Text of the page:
The information provided within this FAQ does not constitute legal advice. Appropriate legal assessment and advice can only be given based on knowledge of your specific facts applied to the rapidly evolving legal landscape of employment law. We strongly recommend you consult with an employment attorney before acting on the below.
Last updated: May 13, 2021
What rights do I have if I am suspected of having or have tested positive for COVID-19?
Your employer cannot fire you, send you home, or tell you not to come to work because they think you may have been exposed to the coronavirus based solely on your race, national origin, or disability. Harassment and discrimination on the basis of race, national origin, age, and disability (including having COVID-19 or another serious illness) is illegal under the New York City Human Rights Law.
The CDC has declared that the COVID-19 (coronavirus) pandemic meets the “direct threat” standard under the ADA. As a result, individuals are not protected by the standard nondiscrimination provisions of the ADA if they have COVID-19 (coronavirus). However, if the CDC and state/local public health authorities revise their assessment of the spread and severity of COVID-19 (coronavirus), this could affect whether COVID-19 (coronavirus) is still considered a “direct threat,” therefore reestablishing ADA protections.
Can my employer take my temperature?
Generally, measuring an employee’s body temperature is a medical examination. Because the CDC and state/local health authorities have acknowledged community spread of COVID-19 and issued attendant precautions, employers may measure employees’ body temperature. However, employers should be aware that some people with COVID-19 (coronavirus) do not have a fever.
When employees return to work, does the ADA allow employers to require doctors’ notes certifying their fitness for duty?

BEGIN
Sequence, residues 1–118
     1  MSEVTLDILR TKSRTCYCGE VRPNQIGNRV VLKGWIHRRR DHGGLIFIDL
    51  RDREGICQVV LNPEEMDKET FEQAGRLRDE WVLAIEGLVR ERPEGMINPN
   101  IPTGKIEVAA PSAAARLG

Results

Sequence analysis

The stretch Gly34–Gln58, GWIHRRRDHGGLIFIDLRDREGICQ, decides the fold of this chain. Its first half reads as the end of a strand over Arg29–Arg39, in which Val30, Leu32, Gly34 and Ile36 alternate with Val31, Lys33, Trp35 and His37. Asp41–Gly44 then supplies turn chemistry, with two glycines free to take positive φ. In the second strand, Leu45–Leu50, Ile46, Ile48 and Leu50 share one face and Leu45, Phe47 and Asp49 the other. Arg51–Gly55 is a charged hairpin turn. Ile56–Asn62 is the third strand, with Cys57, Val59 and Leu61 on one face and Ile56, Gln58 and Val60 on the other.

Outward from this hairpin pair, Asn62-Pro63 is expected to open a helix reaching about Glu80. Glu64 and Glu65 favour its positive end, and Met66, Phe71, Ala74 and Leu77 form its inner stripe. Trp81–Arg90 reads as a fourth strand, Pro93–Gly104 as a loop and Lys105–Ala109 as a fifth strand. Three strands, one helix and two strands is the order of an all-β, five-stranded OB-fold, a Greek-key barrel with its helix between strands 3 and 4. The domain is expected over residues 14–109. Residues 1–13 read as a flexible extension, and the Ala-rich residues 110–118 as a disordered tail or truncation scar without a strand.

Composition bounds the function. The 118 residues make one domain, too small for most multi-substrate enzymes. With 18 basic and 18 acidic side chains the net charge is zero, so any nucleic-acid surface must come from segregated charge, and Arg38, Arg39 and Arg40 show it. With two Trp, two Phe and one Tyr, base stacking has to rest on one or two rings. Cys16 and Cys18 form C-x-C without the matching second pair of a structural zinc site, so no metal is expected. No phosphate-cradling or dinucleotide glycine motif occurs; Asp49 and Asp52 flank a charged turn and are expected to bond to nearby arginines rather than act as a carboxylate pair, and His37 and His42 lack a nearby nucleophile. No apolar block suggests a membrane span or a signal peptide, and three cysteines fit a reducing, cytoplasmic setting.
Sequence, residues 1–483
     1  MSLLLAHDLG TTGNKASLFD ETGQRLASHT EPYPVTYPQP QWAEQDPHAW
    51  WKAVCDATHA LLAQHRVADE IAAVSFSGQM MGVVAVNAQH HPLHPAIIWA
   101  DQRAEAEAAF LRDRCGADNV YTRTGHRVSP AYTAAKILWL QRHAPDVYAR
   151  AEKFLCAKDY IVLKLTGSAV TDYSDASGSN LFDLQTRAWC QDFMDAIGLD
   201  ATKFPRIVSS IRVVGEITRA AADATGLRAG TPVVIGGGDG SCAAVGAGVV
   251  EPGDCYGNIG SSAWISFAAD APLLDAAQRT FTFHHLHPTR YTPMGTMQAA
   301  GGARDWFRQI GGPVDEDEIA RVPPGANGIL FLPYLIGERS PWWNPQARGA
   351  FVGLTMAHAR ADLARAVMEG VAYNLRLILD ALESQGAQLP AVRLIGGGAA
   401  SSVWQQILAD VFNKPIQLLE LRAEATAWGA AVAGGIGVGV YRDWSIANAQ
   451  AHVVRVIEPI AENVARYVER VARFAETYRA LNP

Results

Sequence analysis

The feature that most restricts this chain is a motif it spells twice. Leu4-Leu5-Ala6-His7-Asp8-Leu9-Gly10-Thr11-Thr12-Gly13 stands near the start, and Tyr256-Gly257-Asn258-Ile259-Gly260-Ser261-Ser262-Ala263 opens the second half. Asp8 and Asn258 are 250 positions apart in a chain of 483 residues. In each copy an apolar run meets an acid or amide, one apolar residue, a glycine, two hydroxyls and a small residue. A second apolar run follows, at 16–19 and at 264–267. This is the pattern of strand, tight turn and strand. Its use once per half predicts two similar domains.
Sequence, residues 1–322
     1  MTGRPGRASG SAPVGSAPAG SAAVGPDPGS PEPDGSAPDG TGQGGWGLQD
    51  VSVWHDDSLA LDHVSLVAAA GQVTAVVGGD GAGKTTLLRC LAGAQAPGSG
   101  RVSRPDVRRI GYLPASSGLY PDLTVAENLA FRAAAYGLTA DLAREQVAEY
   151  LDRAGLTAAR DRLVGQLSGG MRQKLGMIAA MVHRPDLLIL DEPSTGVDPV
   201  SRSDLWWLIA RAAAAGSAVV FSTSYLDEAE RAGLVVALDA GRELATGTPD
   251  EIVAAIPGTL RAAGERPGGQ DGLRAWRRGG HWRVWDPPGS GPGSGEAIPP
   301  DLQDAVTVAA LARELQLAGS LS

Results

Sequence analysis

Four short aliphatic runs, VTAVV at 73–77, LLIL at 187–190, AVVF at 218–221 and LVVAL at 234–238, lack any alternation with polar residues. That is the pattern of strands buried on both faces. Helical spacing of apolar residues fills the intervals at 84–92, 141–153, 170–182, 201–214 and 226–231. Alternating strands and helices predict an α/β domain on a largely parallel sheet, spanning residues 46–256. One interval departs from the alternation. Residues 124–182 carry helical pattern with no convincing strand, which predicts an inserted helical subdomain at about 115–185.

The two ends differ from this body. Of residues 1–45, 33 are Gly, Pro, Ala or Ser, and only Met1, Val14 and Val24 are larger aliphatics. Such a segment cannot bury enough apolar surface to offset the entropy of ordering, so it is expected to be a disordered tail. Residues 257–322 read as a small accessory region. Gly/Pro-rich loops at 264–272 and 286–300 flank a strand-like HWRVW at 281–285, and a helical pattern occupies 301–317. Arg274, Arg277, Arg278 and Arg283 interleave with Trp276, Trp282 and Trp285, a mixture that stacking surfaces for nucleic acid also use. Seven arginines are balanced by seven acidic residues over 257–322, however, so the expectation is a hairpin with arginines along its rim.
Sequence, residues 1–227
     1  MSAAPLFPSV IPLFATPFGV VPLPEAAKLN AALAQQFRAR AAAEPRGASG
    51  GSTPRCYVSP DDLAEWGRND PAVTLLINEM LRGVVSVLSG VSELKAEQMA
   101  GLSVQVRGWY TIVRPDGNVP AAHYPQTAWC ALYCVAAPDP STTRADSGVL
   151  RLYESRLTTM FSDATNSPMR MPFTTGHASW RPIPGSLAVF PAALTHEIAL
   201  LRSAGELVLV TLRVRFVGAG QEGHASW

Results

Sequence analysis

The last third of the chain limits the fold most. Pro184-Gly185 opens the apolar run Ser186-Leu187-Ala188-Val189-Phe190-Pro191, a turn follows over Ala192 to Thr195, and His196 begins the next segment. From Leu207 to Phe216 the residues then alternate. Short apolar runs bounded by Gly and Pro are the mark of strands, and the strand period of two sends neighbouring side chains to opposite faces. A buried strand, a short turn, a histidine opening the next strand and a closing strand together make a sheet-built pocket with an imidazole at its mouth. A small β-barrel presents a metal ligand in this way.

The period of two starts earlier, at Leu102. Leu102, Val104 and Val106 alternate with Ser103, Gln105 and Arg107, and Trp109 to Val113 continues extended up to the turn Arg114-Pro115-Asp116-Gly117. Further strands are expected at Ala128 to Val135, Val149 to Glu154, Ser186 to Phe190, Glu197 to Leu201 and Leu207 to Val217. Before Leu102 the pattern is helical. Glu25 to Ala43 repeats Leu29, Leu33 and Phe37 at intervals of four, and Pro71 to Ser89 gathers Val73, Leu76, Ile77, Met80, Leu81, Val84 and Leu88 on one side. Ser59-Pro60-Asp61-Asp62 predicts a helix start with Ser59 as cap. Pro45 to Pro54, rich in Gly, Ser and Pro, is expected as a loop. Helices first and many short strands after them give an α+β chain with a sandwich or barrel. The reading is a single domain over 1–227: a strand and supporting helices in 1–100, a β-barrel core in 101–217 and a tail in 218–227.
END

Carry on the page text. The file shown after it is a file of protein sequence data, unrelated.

Yes. Such inquiries are permitted under the ADA either because they would not be disability-related or, if the pandemic influenza were truly severe, they would be justified under the ADA standards for disability-related inquiries of employees. As a practical matter, however, doctors and other health care professionals may be too busy during and immediately after a pandemic outbreak to provide fitness-for-duty documentation. Therefore, new approaches may be necessary, such as reliance on local clinics to provide a form, a stamp, or an e-mail to certify that an individual does not have the pandemic virus and/or has completed the required quarantine period.
Can an employer ask an employee or an applicant if they have received the COVID-19 vaccine or require employees to be vaccinated?
The ADA allows an employer to have a qualification standard that includes “a requirement that an individual shall not pose a direct threat to the health or safety of individuals in the workplace.” However, if a safety-based qualification standard, such as a vaccination requirement, screens out or tends to screen out an individual with a disability, the employer must show that an unvaccinated employee would pose a direct threat due to a “significant risk of substantial harm to the health or safety of the individual or others that cannot be eliminated or reduced by reasonable accommodation.” 29 C.F.R. 1630.2(r). Individuals who cannot be vaccinated because of a medical condition, should seek a reasonable accommodation from the employer.
Can an employee object to a vaccination requirement based on religious belief?
Yes. Once an employer is on notice that an employee’s sincerely held religious belief, practice, or observance prevents the employee from receiving the vaccination, the employer must provide a reasonable accommodation for the religious belief, practice, or observance unless it would pose an undue hardship under Title VII of the Civil Rights Act. In times of a pandemic, whether accommodating a religious belief against vaccination would pose an undue hardship would be determined on a case-by-case basis. Ordinarily, an employer cannot question the sincerity of an employee’s religious belief. However, if an employee requests a religious accommodation, and an employer has an objective basis for questioning either the religious nature or the sincerity of a particular belief, practice, or observance, the employer would be justified in requesting additional supporting information.
What happens if an employer cannot accommodate an employee who cannot get vaccinated because of a disability or a sincerely held religious belief or practice?
If an employee cannot get vaccinated for COVID-19 because of a disability or sincerely held religious belief, practice, or observance, and there is no reasonable accommodation possible, then it would be lawful for the employer to exclude the employee from the workplace.